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How would I find the second moment of area of a parallelogram, as shown?

enter image description here

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  • $\begingroup$ You can splits it in two triangle and a central rectangle, now you know all the shapes has the known second moment of area, you need to evaluate it for the rectangle and one of the triangles, the second triangle has the same second are of moment, then apply the Steiner theorem (parallel axis theorem). I find it way easier than evaluate all these integrals. it's up to you. $\endgroup$ – Sam Farjamirad Jul 1 '18 at 20:54
  • $\begingroup$ @SamFarjamirad - The goal was to show how to use integrals to solve for products of inertia, something that apparently causes a lot of confusion. However, other answers to this question would be interesting. $\endgroup$ – Mark Jul 3 '18 at 21:46
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While this could be resolved using rectangle and triangle formulas, a generalized approach could be applied that would work for any shape using integration.

The area would be:

$$A = \int^c_0\int^{x\:=\:\frac{b}{c}y+a}_{x\:=\:\frac{b}{c}y}1\:dx\:dy = ac$$

From the origin, we evaluate the first moment of the areas:

$$Q_x = \int^c_0\int^{x\:=\:\frac{b}{c}y+a}_{x\:=\:\frac{b}{c}y}x\:dx\:dy = \frac{ac(a+b)}{2}$$ $$Q_y = \int^c_0\int^{x\:=\:\frac{b}{c}y+a}_{x\:=\:\frac{b}{c}y}y\:dx\:dy = \frac{ac^2}{2}$$

From here, the centroid of the parallelogram could be evaluated, as $\overline{x} = \frac{Q_x}{A}$, and $\overline{y} = \frac{Q_y}{A}$:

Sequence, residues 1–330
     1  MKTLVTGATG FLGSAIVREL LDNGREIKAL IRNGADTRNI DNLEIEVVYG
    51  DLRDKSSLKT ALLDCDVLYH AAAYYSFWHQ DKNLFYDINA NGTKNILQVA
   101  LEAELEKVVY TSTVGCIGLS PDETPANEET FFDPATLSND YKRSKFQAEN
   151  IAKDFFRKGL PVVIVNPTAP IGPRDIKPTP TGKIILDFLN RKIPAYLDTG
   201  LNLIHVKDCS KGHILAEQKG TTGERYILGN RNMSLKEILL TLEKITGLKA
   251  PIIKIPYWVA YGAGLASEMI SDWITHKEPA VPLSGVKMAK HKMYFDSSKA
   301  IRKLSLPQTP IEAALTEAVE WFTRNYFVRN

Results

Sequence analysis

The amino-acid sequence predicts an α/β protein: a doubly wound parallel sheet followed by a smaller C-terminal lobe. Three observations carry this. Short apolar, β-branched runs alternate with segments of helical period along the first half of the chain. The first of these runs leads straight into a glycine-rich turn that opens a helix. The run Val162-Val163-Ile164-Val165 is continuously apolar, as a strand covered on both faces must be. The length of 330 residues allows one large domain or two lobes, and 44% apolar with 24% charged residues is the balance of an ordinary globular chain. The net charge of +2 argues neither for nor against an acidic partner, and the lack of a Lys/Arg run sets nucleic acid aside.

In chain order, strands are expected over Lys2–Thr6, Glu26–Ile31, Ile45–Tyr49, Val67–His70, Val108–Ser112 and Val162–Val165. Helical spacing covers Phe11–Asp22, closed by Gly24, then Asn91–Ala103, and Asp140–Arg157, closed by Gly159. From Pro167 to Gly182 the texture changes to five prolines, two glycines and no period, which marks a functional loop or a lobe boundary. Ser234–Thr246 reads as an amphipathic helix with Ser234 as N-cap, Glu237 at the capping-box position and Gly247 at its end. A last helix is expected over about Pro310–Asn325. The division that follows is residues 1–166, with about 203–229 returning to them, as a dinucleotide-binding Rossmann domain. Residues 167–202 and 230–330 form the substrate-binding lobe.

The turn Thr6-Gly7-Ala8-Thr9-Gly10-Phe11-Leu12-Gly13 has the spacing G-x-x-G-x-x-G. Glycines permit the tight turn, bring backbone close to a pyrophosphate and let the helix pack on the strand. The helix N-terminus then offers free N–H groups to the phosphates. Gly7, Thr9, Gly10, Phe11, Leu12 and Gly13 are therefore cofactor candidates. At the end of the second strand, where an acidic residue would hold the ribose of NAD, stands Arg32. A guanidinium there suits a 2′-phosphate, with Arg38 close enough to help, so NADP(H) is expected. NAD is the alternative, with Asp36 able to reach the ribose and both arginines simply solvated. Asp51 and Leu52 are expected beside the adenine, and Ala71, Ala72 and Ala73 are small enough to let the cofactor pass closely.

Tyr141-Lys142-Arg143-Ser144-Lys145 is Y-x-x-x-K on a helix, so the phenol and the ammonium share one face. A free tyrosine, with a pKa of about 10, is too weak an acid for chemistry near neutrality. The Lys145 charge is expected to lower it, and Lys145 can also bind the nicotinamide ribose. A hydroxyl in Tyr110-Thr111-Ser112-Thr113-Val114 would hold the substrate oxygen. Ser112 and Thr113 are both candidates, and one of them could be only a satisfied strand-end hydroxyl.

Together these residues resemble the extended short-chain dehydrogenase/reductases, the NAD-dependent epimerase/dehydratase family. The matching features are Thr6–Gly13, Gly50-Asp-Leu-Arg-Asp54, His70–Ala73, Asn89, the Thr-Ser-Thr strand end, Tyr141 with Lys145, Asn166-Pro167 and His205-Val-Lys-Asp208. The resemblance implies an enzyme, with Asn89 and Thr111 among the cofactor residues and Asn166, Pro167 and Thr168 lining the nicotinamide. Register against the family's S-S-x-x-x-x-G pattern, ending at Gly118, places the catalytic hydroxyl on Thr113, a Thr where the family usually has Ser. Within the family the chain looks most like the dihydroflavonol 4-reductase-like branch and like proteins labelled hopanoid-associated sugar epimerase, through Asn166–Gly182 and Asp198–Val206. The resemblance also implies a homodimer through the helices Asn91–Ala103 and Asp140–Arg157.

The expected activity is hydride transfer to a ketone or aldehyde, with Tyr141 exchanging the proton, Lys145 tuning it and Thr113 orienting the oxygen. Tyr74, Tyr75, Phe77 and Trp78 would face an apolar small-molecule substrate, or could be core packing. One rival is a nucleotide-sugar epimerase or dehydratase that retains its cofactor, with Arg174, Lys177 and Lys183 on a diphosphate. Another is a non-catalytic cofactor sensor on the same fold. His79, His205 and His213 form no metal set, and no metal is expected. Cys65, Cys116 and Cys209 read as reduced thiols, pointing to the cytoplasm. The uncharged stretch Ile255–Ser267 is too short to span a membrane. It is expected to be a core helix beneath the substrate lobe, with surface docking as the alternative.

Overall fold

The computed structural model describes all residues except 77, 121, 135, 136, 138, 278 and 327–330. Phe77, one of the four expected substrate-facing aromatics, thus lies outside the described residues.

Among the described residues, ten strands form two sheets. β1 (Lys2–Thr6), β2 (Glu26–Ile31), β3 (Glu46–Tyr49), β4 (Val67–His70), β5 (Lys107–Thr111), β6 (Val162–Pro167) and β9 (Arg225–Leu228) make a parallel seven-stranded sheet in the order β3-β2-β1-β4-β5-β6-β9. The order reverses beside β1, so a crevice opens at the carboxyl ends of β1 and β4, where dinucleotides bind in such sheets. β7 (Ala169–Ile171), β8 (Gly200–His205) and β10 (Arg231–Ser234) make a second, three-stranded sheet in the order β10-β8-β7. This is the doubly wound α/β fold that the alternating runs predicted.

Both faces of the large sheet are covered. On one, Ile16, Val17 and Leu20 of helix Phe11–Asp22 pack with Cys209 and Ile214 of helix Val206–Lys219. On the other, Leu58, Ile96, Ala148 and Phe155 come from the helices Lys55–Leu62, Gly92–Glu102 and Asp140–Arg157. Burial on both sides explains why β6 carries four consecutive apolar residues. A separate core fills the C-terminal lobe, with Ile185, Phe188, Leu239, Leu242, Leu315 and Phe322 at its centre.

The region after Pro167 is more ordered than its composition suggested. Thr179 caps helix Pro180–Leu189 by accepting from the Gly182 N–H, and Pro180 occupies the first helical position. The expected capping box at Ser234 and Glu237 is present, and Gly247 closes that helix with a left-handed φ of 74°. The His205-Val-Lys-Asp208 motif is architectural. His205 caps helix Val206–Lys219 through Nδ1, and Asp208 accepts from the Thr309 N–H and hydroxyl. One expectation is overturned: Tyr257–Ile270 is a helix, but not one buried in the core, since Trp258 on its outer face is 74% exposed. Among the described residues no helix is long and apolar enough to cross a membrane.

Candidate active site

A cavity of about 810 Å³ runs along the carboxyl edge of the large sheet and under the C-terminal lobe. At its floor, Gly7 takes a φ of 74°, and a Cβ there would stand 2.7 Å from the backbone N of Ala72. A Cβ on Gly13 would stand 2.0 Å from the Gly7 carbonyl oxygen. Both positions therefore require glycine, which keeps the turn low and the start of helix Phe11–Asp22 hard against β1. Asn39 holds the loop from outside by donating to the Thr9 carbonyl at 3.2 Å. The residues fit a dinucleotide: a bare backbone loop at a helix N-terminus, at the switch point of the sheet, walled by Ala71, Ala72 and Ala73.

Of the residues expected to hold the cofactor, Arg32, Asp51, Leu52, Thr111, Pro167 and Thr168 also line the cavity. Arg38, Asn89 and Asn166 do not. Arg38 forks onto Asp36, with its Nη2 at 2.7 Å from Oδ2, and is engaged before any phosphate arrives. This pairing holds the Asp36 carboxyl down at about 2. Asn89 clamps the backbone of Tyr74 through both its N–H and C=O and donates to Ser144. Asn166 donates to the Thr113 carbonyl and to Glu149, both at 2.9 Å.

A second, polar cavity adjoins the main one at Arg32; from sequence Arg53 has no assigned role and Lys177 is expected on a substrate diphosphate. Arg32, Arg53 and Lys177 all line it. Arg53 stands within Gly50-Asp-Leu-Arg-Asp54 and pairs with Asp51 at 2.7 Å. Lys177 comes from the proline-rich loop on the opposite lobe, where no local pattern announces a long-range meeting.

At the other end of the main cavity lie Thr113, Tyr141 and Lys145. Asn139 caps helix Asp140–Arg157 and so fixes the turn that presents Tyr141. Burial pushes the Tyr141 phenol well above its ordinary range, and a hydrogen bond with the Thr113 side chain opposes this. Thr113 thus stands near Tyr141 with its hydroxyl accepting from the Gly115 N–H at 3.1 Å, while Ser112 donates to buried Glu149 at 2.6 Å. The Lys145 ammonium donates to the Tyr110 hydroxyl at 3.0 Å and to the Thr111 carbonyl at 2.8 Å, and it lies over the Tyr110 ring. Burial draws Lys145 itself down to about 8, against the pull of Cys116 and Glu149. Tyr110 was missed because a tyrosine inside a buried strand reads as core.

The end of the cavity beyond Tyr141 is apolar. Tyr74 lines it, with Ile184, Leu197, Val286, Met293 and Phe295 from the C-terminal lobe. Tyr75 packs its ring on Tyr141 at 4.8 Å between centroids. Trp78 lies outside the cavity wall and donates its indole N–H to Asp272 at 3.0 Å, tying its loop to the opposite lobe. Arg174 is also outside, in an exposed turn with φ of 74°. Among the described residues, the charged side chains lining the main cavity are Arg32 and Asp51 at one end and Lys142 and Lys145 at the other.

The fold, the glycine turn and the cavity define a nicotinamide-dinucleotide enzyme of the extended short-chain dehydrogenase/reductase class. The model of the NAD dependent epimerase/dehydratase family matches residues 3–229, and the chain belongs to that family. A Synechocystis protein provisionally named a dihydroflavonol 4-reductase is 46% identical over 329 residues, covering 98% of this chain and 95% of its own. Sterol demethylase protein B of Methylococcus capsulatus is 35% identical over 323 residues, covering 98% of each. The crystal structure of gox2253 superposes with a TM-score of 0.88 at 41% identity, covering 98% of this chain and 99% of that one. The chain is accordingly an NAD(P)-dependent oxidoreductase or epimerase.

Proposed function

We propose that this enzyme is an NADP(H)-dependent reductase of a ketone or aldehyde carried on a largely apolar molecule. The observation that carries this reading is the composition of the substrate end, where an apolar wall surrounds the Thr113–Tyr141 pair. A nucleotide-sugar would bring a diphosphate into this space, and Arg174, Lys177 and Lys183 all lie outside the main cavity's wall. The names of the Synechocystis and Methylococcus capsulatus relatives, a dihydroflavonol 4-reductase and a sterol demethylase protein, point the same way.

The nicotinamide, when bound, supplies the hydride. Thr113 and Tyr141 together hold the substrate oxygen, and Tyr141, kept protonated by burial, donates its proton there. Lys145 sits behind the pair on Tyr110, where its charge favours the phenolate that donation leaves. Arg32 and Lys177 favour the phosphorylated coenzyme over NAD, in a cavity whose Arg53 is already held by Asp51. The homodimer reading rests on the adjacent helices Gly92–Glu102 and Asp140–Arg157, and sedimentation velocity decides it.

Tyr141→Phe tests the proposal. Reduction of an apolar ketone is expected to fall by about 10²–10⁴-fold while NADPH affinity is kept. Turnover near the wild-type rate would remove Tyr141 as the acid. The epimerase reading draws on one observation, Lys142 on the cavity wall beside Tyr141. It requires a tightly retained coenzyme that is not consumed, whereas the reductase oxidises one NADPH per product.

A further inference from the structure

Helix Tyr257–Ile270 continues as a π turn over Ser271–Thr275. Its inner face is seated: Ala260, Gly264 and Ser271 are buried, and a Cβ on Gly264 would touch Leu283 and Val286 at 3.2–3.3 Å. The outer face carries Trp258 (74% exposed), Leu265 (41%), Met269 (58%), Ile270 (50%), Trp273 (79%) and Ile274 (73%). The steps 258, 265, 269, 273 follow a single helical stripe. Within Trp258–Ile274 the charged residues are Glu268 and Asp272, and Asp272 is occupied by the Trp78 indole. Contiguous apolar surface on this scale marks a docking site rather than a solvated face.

$$\overline{x} = \frac{Q_x}{A} = \frac{a+b}{2}$$ $$\overline{y} = \frac{Q_y}{A} = \frac{c}{2}$$

We can then evaluate the integrals. We need to change our origin, and set ourselves new limits of integration:

$$c-\overline{y} = \frac{c}{2}$$ $$0-\overline{y} = -\frac{c}{2}$$ $$\frac{b}{c}y+a-\overline{x} = \frac{b}{c}y+\frac{a-b}{2}$$ $$\frac{b}{c}y-\overline{x} = \frac{b}{c}y-\frac{a+b}{2}$$

As such, we can evaluate $I_{xx}$, $I_{xy}$, and $I_{yy}$:

$$I_{xx} = \int^\frac{c}{2}_{-\frac{c}{2}}\int^{x\:=\:\frac{b}{c}y+\frac{a-b}{2}}_{x\:=\:\frac{b}{c}y-\frac{a+b}{2}}x^2\:dx\:dy = \frac{ac(a^2+4b^2)}{12}$$ $$I_{xy} = \int^\frac{c}{2}_{-\frac{c}{2}}\int^{x\:=\:\frac{b}{c}y+\frac{a-b}{2}}_{x\:=\:\frac{b}{c}y-\frac{a+b}{2}}xy\:dx\:dy = \frac{abc^2}{12}$$ $$I_{yy} = \int^\frac{c}{2}_{-\frac{c}{2}}\int^{x\:=\:\frac{b}{c}y+\frac{a-b}{2}}_{x\:=\:\frac{b}{c}y-\frac{a+b}{2}}y^2\:dx\:dy = \frac{ac^3}{12}$$

Use of the perpendicular axis theorem would give the polar moment:

$$I_{zz} = I_{xx}+I_{yy} = \frac{ac(a^2+4b^2+c^2)}{12}$$

Because the product of inertia is not zero, the Mohr's circle of Inertia will be needed to generate the Inertia-Matrix. The principal moments of Inertia are:

$$I_{\overline{xx}} = \frac{I_{xx}+I_{yy}}{2} \pm \sqrt{\left(\frac{I_{xx}-I_{yy}}{2}\right)^2 + I_{xy}^2}$$

This yields a principal moment of:

$$I_{\overline{xx}} = \frac{ac}{24}\left[a^2+4b^2+c^2 \pm \sqrt{(a-c)^2(a+c)^2+4b^2(2a^2+4b^2-c^2)}\right]$$

This principle moment would be found by rotating the reference frame by an angle $\theta$ of:

$$\theta = \frac{1}{2} atan\left(\frac{-2I_{xy}}{I_{xx}-I_{yy}}\right) = \frac{1}{2} atan\left(\frac{2bc}{c^2-4b^2-a^2}\right)$$

Note that this can be brought into tensor format:

$$\begin{bmatrix} I_{xx} & I_{xy} & I_{xz} \\ I_{xy} & I_{yy} & I_{yz} \\ I_{xz} & I_{yz} & I_{zz} \end{bmatrix}$$

Which is useful in some tensor-based applications.

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The best way is to create a rectangle by cutting the triangular portion from the left to the right side where it is missing and calculate from the original zero coordinate which is the base width of the triangular portion.

The logic is this the centroid of both triangles is calculated from $$[\frac {bc}{2}\times \frac {2}{3}b]_{left} + [\frac {bc}{2} \times \frac {1}{3}b]_{right}$$ By this statement we realise that the 2 triangular portions are equivalent to a single rectangle added to the rectangular portion of the p'gram but critically we cannot change the origin point to begin at the origin+b or the answer will be wrong.

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